RR: At this point my focus is on competing in the 2012 Olympics, so I haven’t really thought of what I’d like to specialize in. But there are a number of areas that interest me like orthopaedics, paediatrics and sports medicine. Let’s see….. I also think that by the time I’m ready to focus on medicine, there will be more areas for me to explore as the advances that are taking place in medicine now are quite exciting.

6 Comments so far

  1. Mani (unregistered) on January 16th, 2007 @ 5:25 pm

    Congrats. All the very best for the Olympics. Make India and TN proud.

  2. Pavithra (unregistered) on January 16th, 2007 @ 6:44 pm

    All the best to Rohini Rau.

    And a great interview, David!

  3. MARUTHU PANDIAN (unregistered) on January 17th, 2007 @ 12:28 am

    “sailing boat – Swimming – athletics -playing throw ball – gymnastics -best actress – playback
    piano – violin – tap dance, – jazz ballet – doing medicine – Fitness One”

    I wish i could interview her parents.

  4. david (unregistered) on January 17th, 2007 @ 10:41 am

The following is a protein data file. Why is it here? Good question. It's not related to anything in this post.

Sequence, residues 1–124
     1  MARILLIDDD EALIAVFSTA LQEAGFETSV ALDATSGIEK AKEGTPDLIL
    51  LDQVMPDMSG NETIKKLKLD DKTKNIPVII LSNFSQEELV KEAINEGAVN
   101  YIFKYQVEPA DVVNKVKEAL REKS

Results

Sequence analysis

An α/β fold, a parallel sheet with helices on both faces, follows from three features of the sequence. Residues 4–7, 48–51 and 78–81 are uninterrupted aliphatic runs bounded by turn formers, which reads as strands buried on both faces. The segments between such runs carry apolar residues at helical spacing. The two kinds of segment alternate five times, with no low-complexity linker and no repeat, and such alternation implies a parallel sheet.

I know what you mean Maruthu! She was there during the interview, and due credit must go to her and her husband for the dynamo Rohini has become!


  5. Mani (unregistered) on January 18th, 2007 @ 2:17 pm

    Hello there, I passed out of Anna University main campus in 2202.Although its a good initiative by tamilnadu government to donate seats in medical colleges and engineering colleges (for sports quota) in the state, the sports quota gals/guys never reach the stars. Let me give the example of Kuraleashwaran ace swimmer, who was donated an electronics communications seat in the same college from which I passed out of. He never was in the news after that for swimming. Last thing I heard about him was that he has completely quit swimming. Also dear readers the so called sports quota guys/gals in premier colleges are tennis, sailing, roving (from boat club) and squash players who are from the affluent society. It’s a fact that after joining the premier colleges 90% of them never go back to sports because of the stress. I only wish Rohini does not do that and continues to excel in both the domains. It’s an irony that our government spends so much for the rich people to get them a sports quota seat in premier college only to see them never going back to sporting activities.LOL!

  6. Health Wizard (unregistered) on February 5th, 2007 @ 9:57 am

    Whether there are specialized clinics on sports medicine? WBR LeoP